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Active Travel: ESCC plan out to consultation as DfT announces £175m for new schemes

While a consultation is under way on East Sussex County Council’s walking and cycling plan, the Department for Transport has announced funding of £175m for projects approved in the second phase of its Emergency Active Travel Fund – together with stringent conditions to be met by councils applying for it. Nick Terdre reports, photos by Russell Jacobs.

A public consultation is under way on East Sussex County Council’s Local Cycling and Walking Infrastructure Plan on 30 October. The plan includes proposals for improving the cycling and walking infrastructure in the county, though as it stresses, all work is dependent on securing funding. The consultation – see below – runs until 11 December.

Last week the Department for Transport announced funding of £175m for the second phase of the Emergency Active Travel Fund. This is a high-profile campaign – despite the turmoil in his inner circle even prime minister Boris Johnson found time to contribute a quote.

“We want to do everything we can to make it easy for people to include some activity in their daily routines – whether that’s cycling to work or walking safely to school,” he said.

“We can see the public’s strong appetite for greener and more active travel, and this funding will help ensure the right infrastructure is in place to build truly active neighbourhoods.”

The reference to the “public’s strong appetite for greener and more active travel” is based on the findings of a recent survey for the DfT which found that 65% of respondents in England expressed support for reallocating road space to cycling and walking in their local area, while 78% backed measures to reduce road traffic in their neighbourhood.

Transport minister Grant Shapps wants to see significant changes to road layouts in favour of cyclists and pedestrians.

Changes to road layouts

Significant changes to road layouts to give more space to cyclists and pedestrians are among the changes the government expects local authorities to make, transport minister Grant Shapps said. “Such changes will help embed altered behaviours and demonstrate the positive effects of active travel.”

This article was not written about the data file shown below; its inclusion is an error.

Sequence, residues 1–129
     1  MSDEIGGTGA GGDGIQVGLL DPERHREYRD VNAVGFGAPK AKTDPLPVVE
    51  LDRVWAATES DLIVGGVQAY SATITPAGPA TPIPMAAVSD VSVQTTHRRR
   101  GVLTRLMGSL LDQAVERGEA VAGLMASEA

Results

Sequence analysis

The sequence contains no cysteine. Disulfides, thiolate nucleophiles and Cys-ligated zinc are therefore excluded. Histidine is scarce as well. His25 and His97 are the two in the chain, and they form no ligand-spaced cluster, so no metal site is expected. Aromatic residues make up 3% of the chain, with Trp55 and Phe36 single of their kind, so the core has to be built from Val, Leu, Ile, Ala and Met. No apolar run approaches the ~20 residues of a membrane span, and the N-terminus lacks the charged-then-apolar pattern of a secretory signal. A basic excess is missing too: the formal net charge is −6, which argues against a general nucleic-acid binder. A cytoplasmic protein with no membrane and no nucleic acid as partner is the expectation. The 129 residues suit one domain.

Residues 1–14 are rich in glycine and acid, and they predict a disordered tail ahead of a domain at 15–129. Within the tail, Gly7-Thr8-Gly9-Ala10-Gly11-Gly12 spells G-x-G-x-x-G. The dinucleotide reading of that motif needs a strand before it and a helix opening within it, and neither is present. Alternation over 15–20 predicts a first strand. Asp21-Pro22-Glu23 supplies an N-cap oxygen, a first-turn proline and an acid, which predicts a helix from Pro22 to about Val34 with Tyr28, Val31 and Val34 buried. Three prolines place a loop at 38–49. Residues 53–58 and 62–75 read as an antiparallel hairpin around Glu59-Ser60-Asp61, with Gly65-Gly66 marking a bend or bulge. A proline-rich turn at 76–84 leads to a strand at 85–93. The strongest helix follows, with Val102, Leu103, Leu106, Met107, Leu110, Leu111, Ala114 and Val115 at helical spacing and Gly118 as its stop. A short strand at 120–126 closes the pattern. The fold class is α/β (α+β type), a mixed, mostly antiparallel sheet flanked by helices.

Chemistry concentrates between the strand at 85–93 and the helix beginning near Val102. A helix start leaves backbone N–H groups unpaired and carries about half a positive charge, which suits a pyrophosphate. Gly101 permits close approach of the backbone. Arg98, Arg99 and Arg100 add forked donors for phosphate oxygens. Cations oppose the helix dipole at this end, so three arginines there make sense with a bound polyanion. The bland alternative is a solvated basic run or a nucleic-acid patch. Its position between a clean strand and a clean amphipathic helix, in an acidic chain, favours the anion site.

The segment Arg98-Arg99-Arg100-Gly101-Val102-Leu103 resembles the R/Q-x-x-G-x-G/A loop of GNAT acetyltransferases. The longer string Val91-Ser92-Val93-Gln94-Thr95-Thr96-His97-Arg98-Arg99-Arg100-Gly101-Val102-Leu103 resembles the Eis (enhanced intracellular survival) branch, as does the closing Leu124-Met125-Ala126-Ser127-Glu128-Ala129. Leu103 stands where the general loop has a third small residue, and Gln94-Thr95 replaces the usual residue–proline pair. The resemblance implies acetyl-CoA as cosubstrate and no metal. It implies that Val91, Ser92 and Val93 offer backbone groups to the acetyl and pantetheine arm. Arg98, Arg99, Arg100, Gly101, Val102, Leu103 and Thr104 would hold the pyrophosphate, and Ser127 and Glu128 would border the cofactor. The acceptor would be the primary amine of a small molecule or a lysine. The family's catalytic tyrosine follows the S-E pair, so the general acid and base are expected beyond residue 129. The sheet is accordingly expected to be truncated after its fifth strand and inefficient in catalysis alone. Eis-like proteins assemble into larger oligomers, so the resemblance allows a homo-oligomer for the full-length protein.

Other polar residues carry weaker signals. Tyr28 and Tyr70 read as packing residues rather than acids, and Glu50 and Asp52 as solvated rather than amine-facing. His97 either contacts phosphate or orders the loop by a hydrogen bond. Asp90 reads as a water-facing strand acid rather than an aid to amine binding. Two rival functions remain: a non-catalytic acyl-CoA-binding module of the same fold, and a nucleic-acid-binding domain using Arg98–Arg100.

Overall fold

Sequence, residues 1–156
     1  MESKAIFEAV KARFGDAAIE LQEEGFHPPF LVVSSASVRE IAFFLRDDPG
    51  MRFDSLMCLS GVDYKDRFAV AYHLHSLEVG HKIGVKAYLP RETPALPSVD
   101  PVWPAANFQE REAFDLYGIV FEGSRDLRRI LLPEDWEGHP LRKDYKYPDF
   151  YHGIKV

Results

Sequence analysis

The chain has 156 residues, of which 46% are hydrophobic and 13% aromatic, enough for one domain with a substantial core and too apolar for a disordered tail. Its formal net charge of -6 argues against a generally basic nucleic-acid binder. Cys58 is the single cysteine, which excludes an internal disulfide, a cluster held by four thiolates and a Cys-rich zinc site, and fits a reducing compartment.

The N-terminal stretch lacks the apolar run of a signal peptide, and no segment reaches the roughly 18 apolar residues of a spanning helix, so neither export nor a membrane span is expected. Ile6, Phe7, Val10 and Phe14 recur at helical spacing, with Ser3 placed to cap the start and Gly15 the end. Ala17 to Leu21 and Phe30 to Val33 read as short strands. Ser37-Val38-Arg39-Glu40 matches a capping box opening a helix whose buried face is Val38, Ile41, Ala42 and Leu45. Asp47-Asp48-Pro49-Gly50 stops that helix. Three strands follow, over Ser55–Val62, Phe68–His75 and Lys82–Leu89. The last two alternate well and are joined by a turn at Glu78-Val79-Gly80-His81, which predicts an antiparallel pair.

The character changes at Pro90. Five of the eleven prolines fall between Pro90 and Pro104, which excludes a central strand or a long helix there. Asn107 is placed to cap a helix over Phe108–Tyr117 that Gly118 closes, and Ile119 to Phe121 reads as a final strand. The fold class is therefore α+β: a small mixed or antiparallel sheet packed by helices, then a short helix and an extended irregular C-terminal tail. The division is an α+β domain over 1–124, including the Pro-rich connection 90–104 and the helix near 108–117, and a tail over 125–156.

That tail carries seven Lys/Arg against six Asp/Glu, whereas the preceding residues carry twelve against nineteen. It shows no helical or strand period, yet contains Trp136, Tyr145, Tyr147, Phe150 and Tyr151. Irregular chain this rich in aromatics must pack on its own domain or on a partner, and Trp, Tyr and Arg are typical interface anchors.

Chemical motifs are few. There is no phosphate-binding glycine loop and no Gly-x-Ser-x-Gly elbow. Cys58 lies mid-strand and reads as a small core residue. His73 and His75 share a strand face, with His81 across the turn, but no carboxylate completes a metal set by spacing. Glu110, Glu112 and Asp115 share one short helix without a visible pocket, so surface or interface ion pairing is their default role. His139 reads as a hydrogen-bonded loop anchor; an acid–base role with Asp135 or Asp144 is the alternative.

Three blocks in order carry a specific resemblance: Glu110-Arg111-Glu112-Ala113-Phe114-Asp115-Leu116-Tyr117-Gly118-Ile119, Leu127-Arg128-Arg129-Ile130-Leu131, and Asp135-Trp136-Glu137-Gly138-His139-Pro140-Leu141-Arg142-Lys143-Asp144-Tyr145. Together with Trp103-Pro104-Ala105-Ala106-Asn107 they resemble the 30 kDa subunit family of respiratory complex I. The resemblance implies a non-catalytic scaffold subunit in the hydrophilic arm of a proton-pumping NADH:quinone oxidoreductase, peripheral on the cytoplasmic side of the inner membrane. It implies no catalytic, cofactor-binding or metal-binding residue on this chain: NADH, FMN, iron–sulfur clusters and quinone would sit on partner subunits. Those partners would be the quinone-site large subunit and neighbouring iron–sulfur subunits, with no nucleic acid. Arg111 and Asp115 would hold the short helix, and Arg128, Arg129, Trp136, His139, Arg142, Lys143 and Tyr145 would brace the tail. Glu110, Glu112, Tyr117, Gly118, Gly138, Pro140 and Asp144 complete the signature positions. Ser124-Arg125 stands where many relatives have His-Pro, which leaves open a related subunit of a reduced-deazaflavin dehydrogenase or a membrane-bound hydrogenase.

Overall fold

The £175m to be dispersed in the second phase of funding is for permanent schemes, unlike the temporary measures of the first phase. It will enable councils to put in place measures such as:

  • ‘School Streets’, where streets around schools are closed to motorists at school times
  • low-traffic neighbourhoods (LTNs), where residential side streets are closed to through traffic to stop rat-running
  • segregated cycle lanes
  • pedestrian improvements.

Evaluation of early School Streets projects has shown traffic outside schools was reduced on average by 68%, while children cycling to school increased by 51% and harmful vehicle pollution outside schools was down by almost three quarters, according to the DfT.

However, the transport secretary has set tough new conditions on councils receiving funding, requiring them to ensure schemes are properly consulted on. “This will help avoid the problems seen in a minority of the schemes developed in the first round of funding.”

As an example of schemes which had made “less meaningful change to the status quo,” Shapps cited pavement widenings using barriers in town centres.

Stringent conditions

Among conditions applying in the second round, councils will have to publish plans showing how they intend to consult their communities, show evidence of appropriate consultation before implementing schemes and provide feedback on the functioning of schemes once they have been in place for six-12 months.